photoReviewed by Marcus Hammond

In Adriadne MacGillivray and Kim Belair’s novel, Pure Steele, an expedition to Africa in 1910 is brought to life through complex reproductions of expedition materials and artwork. The combination of epistolary storytelling and artwork helps create a unique reading experience. Unfortunately, that combination also causes the reader to get bogged down in the visual aspects, which harms the overall narrative.

The story develops around a band of adventurers brought together by a young woman searching for the truth about her father’s disappearance in Africa. The adventurers hire James Alexander Steele III, a renowned hunter to lead the crew through the dark and dangerous jungles. The story is entirely developed through the correspondence, diary entries, and newspaper articles of the members of the expedition. Each recollection builds the overall narrative and mystique of James Alexander Steele III until he becomes a well-constructed pulp hero.

The details of the expedition of the unlikely band of travelers are enjoyably portrayed. MacGillivray and Belair mix characteristics of old pulp adventure with satire to create an adventure that could rival Burrough’s Tarzan tales. Steele III is a blend of Doc Savage and Indiana Jones. He’s an egotistical, adrenaline junkie with the perfect amount of heroism to be likable. The cast of minor characters also receives a fair dose of satirical development. The expedition party consists of the young woman who is searching for her father, a doctor, a cartographer, an upperclassman, and an accountant. Each of these roles help construct character interactions and plot depth that one may not expect out of a modern adventure novel.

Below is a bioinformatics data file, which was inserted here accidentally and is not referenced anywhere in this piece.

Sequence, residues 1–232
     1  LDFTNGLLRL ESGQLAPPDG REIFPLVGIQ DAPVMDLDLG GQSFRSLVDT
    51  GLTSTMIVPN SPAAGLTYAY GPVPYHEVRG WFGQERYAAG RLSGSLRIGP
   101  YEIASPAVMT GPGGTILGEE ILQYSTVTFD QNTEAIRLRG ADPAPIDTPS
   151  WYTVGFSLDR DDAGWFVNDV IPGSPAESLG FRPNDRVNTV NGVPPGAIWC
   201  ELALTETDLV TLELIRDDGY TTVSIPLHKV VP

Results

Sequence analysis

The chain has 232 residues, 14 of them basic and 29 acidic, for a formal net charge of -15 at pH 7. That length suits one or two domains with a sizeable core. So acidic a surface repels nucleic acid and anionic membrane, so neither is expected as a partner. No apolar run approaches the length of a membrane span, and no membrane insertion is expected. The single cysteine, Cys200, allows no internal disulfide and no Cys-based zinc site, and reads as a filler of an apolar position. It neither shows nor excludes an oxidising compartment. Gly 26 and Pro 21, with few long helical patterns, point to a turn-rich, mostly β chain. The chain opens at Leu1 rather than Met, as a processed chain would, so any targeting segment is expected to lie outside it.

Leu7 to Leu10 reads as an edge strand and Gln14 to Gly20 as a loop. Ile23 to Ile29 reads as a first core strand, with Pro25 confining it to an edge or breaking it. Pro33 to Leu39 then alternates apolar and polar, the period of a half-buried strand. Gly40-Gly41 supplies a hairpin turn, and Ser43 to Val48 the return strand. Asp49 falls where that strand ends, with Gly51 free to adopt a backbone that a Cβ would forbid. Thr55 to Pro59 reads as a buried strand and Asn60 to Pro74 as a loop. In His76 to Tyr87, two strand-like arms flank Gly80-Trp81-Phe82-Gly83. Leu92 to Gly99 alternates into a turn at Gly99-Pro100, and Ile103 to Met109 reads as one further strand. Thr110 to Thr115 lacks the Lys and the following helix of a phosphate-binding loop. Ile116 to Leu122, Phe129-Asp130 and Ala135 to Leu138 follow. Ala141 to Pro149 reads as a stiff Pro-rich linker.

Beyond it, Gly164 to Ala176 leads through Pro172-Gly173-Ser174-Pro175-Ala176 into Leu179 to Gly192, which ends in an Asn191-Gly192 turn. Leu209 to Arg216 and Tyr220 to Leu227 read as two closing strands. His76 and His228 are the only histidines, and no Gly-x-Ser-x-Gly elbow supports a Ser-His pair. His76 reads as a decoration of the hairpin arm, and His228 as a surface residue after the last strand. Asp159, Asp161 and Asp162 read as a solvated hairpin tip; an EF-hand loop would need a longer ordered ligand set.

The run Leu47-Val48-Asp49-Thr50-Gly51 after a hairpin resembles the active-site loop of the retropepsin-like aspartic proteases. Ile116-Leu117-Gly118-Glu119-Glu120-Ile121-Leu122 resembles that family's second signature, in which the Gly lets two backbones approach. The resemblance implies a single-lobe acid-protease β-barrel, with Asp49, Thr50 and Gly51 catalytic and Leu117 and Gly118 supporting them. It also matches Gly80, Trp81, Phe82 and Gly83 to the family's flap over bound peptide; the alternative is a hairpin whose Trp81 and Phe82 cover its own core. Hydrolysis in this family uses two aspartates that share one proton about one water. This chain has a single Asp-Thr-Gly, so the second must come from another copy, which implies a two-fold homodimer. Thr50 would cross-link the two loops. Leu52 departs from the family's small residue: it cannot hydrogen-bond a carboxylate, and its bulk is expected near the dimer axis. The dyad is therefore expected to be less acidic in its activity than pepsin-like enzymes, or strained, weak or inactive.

The artwork and visual components of the story are beautifully done, but make the story hard to get lost in. Each page is a collage of artwork and reproduced correspondence. The authors painstakingly created hand-written letters and diary entries to help create a connection to the time period. This aspect, however, is daunting to read. Anyone who reads or writes letters knows it can be a challenge to decipher handwriting, and since the authors do an excellent job of recreating the communication for the time period much of the text is in ornate cursive.

Overall, the plot of Pure Steele is entertaining and the originality and visual depth of the development approach is something to appreciate on its own merits. Don’t, however, expect to tear through this novel from cover to cover because the visuals considerably stymie the pace at which it is read.

Rating: ★★★★☆ 

After obtaining a Masters in Liberal Arts and Literature Marcus has dedicated most of his time to teaching English Composition for a community college in the Midwest. In his down time, he spends time avidly reading an eclectic selection of books and doing freelance writing whenever he gets the chance. He lives in Kansas with his wife.

Review copy was provided free of any obligation by Blind Ferret Entertainment. No monetary or any other form of compensation was received.